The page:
Citing this omission is not just a plea for inclusion of yet another oppressed group. As Eva Sedgwick argues in Epistemology of the Closet (1990), leaving out queer voices distorts the historical lens. And, if these voices are needed to understand any era, it is most certainly the Reagan-Bush-Clinton years when anti-gay bigotry was embedded in social and intellectual life, when homophobia blanketed, like a fine layer of soot, the nation. What other community suffered as many casualties as a result of the government’s inaction? Estimates place the number of lynchings during Jim Crow as high as 5,000. Over 58,000 Americans died in the Vietnam War. The number of reported AIDS deaths from 1980 through 1997 in the United States is 641,087. Globally 30.6 million people were infected.
Let me say that, citing these statistics is not an exercise in comparative victimology. First, comparative history is a legitimate enterprise. Second, juxtaposition can be useful to bring a stunning reality into bold relief.
Today, approximately 5,000 people die every day because of AIDS, a global calamity that, some scientists argue, could have been controlled had the federal government responded swiftly in 1981 to news of deaths, as it was, most famously, in Australia. But in America the victims were members of a hated, marginalized minority and received no compassion, a key emotion that Rodgers seeks to trace as it relates to the poor. As Randy Shilts in And the Band Played On documented, the CDC and NIH were chronically underfunded. As Reagan biographer Lou Cannon concluded, Reagan’s response was “halting and ineffective.”
If Rodgers was reaching for a capacious survey of shaping intellectual ideas, how could he ignore this disease or the ideologies and language that allowed it to become a pandemic? The word AIDS itself would benefit from a Rodgers-style definition. Paula Treichler takes on this challenge to analyze the construction of AIDS as an “epidemic of signification” with culture, medicine, linguistics, socioeconomic status, gender, class, and race all influencing scientific naming practices. Considering the emotional and physical toll, it is no wonder that LGBT activist and intellectual Urvashi Vaid writes that “For lesbians, gay men, bisexuals, and transgendered people, the Reagan-Bush years were the worst years of our lives.”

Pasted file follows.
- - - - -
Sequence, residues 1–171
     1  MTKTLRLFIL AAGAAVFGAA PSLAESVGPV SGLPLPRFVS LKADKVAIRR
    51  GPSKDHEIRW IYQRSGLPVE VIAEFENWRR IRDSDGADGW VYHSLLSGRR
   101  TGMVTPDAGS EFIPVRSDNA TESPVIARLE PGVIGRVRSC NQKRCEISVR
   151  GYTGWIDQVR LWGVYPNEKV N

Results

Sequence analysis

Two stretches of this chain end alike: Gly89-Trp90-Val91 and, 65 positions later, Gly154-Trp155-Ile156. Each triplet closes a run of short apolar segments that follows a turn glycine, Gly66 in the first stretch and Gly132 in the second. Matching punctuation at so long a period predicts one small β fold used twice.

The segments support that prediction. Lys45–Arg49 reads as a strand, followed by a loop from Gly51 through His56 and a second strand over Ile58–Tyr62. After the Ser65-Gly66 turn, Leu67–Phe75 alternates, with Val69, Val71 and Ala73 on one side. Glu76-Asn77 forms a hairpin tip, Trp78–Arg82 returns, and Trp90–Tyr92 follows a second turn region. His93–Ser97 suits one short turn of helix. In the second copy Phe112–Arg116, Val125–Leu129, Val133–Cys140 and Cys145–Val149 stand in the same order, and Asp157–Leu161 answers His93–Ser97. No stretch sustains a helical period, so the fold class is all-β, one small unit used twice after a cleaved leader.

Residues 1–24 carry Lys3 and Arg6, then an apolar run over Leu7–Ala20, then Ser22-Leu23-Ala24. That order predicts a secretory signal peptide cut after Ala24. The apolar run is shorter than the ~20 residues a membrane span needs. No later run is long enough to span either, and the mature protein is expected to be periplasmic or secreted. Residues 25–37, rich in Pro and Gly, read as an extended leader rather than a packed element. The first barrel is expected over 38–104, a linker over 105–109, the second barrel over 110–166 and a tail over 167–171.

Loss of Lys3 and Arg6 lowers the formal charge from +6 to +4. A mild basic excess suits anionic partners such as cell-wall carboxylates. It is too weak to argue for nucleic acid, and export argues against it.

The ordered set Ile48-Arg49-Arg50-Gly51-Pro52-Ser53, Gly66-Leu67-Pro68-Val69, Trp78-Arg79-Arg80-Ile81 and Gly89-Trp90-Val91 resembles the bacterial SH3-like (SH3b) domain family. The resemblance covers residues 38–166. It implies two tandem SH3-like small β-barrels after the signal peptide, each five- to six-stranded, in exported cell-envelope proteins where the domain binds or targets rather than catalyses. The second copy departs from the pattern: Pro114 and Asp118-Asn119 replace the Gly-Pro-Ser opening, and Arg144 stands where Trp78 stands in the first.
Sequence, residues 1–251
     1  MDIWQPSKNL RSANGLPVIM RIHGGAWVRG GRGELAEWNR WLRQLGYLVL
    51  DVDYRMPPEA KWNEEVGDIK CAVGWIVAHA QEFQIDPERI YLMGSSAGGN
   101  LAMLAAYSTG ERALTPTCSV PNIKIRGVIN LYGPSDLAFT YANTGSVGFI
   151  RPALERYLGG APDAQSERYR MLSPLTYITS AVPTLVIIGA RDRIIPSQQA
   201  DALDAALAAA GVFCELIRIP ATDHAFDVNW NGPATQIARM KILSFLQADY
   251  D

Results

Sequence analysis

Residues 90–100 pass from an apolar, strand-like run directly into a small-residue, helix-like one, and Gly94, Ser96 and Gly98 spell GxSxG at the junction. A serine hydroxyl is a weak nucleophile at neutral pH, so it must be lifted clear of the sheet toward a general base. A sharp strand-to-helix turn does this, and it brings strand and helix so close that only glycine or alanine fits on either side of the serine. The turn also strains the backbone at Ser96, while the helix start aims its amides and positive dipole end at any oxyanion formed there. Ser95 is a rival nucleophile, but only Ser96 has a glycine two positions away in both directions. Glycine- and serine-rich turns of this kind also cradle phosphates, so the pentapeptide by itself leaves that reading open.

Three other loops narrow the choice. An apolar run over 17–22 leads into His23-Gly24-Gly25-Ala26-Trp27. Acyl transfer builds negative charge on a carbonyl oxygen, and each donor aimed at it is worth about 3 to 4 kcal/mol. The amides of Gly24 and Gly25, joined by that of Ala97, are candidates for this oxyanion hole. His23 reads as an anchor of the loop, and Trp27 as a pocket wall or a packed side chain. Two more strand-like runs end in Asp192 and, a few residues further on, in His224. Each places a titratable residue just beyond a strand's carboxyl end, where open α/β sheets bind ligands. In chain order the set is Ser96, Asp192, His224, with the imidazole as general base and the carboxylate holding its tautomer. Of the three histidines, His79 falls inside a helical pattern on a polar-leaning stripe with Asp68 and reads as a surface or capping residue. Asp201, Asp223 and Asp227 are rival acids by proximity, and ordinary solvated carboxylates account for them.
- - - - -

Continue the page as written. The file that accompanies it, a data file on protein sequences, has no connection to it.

At the heart of the Reagan-Bush era, the moral center of the period, is the AIDS crisis, the callous reaction to victims, and the lurid homophobia that sanctioned isolation and death. Historians, as a profession, have not come to terms with these events. Look at the index to almost any book on the 1980s and AIDS along with the hatred of gay people that fueled the epidemic are barely mentioned, those who do mostly talk about the response to AIDS among homosexual Americans only and the formulations of difficult to read queer theorists.
I do believe that writing a history about this period without addressing the AIDS pandemic is like writing a history of the George Bush years without talking about 9/11. AIDS and the diminishing calculus of compassion during the Reagan era are linked. Conservatism drew its force from antipathy toward a group of people who loved differently. This animus animated evangelicals and justified indifference to AIDS sufferers among Catholic leaders. It can be found everywhere in sermons, political speeches, journals, and newspapers. It inflected thinking on what constituted “normal,” on sex and gender more generally as well as reproductive rights. William Bennett, included in Age of Fracture for work that expounds on virtues, was Secretary of Education, who, along with his Undersecretary Gary Bauer (who later became head of the Family Research Council), served as the principle spokesmen for Reagan’s AIDS policies. Instead of disseminating information to educate people about how transmission occurred and how to prevent infection, these two guys were too worried about saying anything even remotely positive about gay people. Precious time was lost. Lives were lost.